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Books Are My Internet: Text as Mutable Technology and Reading as Radical Practice

smalina's picture

Books Are My Internet:

Text as Mutable Technology & Reading as Radical Practice


A Saturday morning reflection on the events of the day before, in the prison.


Used books are rarely gifted. When they are, it is typically because their age is indicative of their monetary value—rare first editions of texts or old manuscripts are expensive, and thus the act of gifting them is seen as thoughtful. And on another level: there is life between these pages—from the fingers that have folded a (perhaps unwelcome) dog-ear to the stale scent of the air that seems to never leave the depths of the spine. For many, used books hold a beautiful history. And yet, there was still a deep sense of regret and shame felt among us as we walked into the prison classroom that Friday, offering a stack of used copies of Brothers and Keepers, by John Edgar Wideman. In that moment, handing over a second-hand copy of the book felt like an thoughtless act of charity, an unwelcome performance of power on the part of the facilitators. And still, I left the space with questions unanswered—why, exactly, did this feel so wrong? If what we valued most when we left the prison were the discussions we shared with the women—the collaborative moments that seemed to provide an education for us all—why was I so hung up on how troubled I felt about the physical state of the books we had left? 

These questions still hang in the air for me today. And to unpack them demands a deeper look into some questions that may, at first glance, seem fundamental: What exactly is the book? What does it become when we take it into the prison? What qualities does it hold, and what possibilities for higher education in prisons, as a result? 

Megan Sweeney, author of Reading is My Window: Books and the Art of Reading in Women’s Prisons, reaches in the direction of these questions in her chapter entitled “Encounters: The Meeting Ground of Books.” As she discovers over the course of her experience leading book groups in a women’s prison, her responsibility as the group facilitator is not so much to select likeable books, but rather, to bring narratives and characters that are complex, and with which the women can engage critically, identifying with them and learning from them. In particular, Sweeney argues that the book group itself was vital in constructing these understandings. Through meeting to discuss plot points, characters, and themes, the women in the book groups “took texts in surprising directions and co-constructed meanings that would not have been possible had we been reading alone” (Sweeney 227). Here, Sweeney illustrates the power of the book group as a contact zone, a space in which various identities and backgrounds come together to address and learn from tensions, and to build off of one another.

Summarizing her findings, Sweeney makes a bold claim:

“As the study progressed, however, I began to realize that the actual books didn’t matter that much. Many women valued our conversations—as I did—regardless of the books’ content. The books served as a kind of connective tissue; they enabled interaction and dialogue, and they fostered women’s engagements with characters, with other readers, with the outside world, and with developing versions of themselves” (228).

Sweeney clearly places the most importance on the discussions themselves—naming the books as mere vehicles to get the participants to these essential points of contact with one another and with themselves. However, an alternative analysis uncover something else. Several of the women name the sense of pride they feel after giving up on a seemingly difficult text, experiencing a breakthrough with the help of the book group, and feeling empowered to read and learn more. One woman Sweeney cites, named Denise, explains:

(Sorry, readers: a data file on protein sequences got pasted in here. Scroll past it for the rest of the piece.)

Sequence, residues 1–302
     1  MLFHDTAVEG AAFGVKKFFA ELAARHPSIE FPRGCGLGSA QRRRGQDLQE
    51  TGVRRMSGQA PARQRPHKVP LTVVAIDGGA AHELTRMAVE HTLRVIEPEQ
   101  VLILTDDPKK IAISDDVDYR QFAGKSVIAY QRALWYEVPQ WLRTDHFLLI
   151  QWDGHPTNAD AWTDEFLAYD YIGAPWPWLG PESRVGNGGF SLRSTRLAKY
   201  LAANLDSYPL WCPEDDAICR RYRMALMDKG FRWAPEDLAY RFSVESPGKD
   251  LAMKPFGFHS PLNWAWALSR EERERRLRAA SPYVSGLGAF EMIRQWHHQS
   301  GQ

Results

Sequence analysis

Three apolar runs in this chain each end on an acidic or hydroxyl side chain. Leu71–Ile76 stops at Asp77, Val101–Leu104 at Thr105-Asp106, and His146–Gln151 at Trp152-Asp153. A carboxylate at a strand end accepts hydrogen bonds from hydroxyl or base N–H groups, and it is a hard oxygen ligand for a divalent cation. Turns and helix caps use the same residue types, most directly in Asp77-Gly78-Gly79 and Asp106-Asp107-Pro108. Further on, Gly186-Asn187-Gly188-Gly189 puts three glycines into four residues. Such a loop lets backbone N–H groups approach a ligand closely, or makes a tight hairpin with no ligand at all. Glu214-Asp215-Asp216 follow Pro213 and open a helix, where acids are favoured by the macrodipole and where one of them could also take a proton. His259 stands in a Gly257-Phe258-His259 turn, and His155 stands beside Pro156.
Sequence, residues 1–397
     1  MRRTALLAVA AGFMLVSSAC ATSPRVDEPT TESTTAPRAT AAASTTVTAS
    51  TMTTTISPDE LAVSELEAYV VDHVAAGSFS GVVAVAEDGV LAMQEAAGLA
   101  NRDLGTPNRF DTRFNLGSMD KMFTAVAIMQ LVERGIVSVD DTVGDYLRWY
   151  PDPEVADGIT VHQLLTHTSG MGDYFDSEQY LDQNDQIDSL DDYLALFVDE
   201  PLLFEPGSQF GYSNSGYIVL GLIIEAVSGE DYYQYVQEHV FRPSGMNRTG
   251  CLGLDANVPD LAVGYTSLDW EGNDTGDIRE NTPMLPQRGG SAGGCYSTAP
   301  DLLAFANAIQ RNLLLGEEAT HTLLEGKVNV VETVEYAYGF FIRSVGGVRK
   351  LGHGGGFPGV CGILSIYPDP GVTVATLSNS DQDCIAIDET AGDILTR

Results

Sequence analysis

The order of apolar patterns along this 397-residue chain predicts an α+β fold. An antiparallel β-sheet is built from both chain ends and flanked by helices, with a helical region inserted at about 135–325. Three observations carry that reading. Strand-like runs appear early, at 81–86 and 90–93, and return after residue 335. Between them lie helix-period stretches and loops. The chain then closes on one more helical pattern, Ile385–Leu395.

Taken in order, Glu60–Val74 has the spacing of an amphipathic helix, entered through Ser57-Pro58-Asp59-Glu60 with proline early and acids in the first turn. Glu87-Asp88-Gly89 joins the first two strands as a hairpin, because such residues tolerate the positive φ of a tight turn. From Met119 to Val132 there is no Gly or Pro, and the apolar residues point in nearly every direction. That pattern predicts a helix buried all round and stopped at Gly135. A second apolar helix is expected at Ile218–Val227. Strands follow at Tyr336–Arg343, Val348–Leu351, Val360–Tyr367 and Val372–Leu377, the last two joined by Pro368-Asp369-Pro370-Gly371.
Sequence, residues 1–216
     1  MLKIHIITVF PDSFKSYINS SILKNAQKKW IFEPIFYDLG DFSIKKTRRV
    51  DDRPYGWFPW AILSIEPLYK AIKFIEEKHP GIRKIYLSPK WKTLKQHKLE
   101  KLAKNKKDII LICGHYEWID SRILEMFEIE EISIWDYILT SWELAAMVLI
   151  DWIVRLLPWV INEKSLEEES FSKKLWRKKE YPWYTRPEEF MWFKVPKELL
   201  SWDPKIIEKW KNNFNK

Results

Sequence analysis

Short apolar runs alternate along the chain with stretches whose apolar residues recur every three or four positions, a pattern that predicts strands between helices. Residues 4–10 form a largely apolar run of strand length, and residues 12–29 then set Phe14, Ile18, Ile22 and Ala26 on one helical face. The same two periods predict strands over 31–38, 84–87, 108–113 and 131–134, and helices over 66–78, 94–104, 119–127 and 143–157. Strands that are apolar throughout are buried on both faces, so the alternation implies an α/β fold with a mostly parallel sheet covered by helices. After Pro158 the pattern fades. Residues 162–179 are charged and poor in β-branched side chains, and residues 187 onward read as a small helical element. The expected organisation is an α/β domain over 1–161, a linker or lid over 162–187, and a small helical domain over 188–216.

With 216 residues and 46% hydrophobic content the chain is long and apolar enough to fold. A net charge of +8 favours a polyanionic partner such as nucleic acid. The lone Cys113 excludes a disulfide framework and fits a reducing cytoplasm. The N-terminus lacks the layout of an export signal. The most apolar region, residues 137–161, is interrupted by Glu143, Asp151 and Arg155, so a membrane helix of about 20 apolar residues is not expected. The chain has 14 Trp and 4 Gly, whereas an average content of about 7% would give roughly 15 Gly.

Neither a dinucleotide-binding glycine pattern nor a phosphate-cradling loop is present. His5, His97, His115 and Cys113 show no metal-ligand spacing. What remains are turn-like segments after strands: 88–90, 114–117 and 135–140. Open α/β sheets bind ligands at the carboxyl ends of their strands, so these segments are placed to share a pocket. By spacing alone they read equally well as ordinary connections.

“…because after doing this book group study, I feel like when I read a book now, not only am I absorbing the story, but I’m really absorbing the characters and I’m really taking a look at where does this woman go? What happens? You know, it gives me a new way to read the book” (242)

Here, it would seem that Sweeney’s claim that “the actual books didn’t matter that much” falls short of the truth—though the experience of the discussion group undoubtedly provided Denise with the self-confidence needed to revisit her book, the empowerment she has gained will now allow her to take the same kind of reflective and analytical skills to her solitary reading practices; her personal education can continue beyond the classroom, with the help of the books themselves and the characters and conflicts they present.

Throughout her chapter, Sweeney highlights a theme of change that occurs on multiple levels—both within the group, within the women, and perhaps even within the books themselves, if on an intangible and invisible level. If the women are able to construct new and various meanings together, this implies that a plethora of meanings may already exist within the book, waiting to be pulled out and named by its readers. This notion of the book as not-so-stagnant and perhaps even ever-changing is supported by a reading of books as a technology—a term commonly reserved for modern inventions such as the internet, communication devices, and social media.

In his piece entitled “A Brief History of the Internet from the 15th to the 18th Century,” legal researcher and technology specialist Lawrence Liang discusses the history of the book. As Liang expresses, though we ascribe an “authority of knowledge” to the book, this perception has not always been the case (Liang 51). On the contrary, he writes of the days marked by numerous errors, forgeries, and pirated manuscripts: “early printing was marked by uncertainty, and the constant refrain for a long time was that you could not rely on the book” (56). This sense of distrust on the part of the consumer is reminiscent of the attitude surrounding the internet today. Common reasoning behind educators’ distrust for Wikipedia as a valid source in academic papers is that because editing powers are in the hands of so many, there is far more possibility for misinformation. Indeed, this fear was the case too in the early days of publishing. As historian Rebecca L. Schoff writes of medieval England: